The navicular is a boat-shaped bone located in the top inner side of the foot, just above the transverse. It helps connect the talus, or anklebone, to the cuneiform bones of the foot.

The dorsalis pedis artery supplies blood to the navicular’s dorsal (upper) side, while the medial plantar artery supplies its plantar (closer to the sole of the foot) region. It is innervated by the medial plantar and deep fibular nerves.

This bone is likely to be fractured by athletes while kicking, sprinting, twisting, or falling. A fracture will cause pain, limping, and a change in gait. Treatment options for injury to the navicular include utilizing a non-weight bearing cast to hold the bones stable so they can mend. If surgery is recommended, screws will be placed into the bone to help secure it. The patient will wear a cast after the surgery. In many cases, pain associated with injuries to the bone will diminish, and later return when that part of the foot is manipulated. As a result, a doctor will manually check the navicular following treatment to see if the patient feels pain when the top of the foot is manipulated.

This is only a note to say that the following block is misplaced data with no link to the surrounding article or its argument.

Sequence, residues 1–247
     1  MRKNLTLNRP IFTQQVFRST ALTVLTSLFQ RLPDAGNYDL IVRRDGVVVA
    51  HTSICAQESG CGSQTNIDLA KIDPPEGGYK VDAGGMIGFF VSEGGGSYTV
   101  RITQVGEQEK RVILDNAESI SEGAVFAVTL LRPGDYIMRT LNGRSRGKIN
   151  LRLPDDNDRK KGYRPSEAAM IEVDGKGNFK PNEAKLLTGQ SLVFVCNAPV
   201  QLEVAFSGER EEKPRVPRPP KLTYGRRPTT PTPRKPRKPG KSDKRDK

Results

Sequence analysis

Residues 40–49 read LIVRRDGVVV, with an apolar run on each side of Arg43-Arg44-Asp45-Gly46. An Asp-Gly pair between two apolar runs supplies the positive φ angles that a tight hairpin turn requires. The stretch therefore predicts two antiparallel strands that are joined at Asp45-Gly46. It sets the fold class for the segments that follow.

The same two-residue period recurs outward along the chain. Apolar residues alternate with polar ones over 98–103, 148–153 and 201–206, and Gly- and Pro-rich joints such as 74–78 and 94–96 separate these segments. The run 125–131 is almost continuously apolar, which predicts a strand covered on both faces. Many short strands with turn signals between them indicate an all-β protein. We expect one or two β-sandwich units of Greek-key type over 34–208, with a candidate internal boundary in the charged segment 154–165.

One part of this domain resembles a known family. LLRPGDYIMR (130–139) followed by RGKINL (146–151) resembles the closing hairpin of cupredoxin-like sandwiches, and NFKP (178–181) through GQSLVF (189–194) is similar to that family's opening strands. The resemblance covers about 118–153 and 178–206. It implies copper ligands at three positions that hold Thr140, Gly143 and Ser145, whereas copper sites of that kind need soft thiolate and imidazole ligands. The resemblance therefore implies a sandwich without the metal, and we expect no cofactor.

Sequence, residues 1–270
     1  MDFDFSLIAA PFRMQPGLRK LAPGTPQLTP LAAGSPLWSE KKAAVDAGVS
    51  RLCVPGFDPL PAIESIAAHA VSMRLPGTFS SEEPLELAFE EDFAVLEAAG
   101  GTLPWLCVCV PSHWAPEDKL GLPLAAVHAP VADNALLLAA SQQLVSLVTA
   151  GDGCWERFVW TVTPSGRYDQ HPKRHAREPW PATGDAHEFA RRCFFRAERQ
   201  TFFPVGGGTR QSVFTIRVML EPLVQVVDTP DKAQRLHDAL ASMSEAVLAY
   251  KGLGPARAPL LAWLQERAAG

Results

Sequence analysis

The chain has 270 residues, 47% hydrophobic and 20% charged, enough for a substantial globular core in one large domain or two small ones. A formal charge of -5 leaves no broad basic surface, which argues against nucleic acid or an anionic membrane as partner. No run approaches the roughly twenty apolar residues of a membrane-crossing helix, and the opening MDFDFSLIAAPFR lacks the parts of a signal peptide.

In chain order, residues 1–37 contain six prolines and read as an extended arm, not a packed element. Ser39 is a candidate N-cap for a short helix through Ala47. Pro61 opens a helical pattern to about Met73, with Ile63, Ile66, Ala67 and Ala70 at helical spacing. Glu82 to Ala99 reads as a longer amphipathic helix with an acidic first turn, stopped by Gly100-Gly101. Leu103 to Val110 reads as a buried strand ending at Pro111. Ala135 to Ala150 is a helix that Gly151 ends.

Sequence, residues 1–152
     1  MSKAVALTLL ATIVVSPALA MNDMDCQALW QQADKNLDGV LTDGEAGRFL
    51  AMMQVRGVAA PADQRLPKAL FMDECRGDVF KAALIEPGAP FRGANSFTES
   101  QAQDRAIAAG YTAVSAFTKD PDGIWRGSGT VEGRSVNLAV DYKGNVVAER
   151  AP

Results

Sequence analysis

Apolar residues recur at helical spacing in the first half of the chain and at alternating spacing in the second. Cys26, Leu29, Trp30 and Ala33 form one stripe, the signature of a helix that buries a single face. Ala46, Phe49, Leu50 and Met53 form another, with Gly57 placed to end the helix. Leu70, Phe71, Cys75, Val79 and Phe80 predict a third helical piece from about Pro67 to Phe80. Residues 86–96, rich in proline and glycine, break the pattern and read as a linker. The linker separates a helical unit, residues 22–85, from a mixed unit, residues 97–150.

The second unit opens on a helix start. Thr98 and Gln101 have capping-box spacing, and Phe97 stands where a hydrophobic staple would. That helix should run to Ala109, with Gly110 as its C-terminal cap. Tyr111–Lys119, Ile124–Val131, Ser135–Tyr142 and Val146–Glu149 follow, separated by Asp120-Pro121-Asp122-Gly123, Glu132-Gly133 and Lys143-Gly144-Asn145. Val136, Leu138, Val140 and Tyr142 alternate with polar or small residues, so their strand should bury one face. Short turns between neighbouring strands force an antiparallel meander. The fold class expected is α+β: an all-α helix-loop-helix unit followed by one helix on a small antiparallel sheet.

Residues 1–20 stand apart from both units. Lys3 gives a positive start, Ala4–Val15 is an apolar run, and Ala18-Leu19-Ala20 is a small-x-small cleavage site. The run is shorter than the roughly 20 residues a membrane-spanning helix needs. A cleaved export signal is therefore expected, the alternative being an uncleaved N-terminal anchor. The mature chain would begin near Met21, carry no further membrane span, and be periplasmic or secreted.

Written and medically reviewed by the Healthline Editorial Team
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In Depth: Navicular

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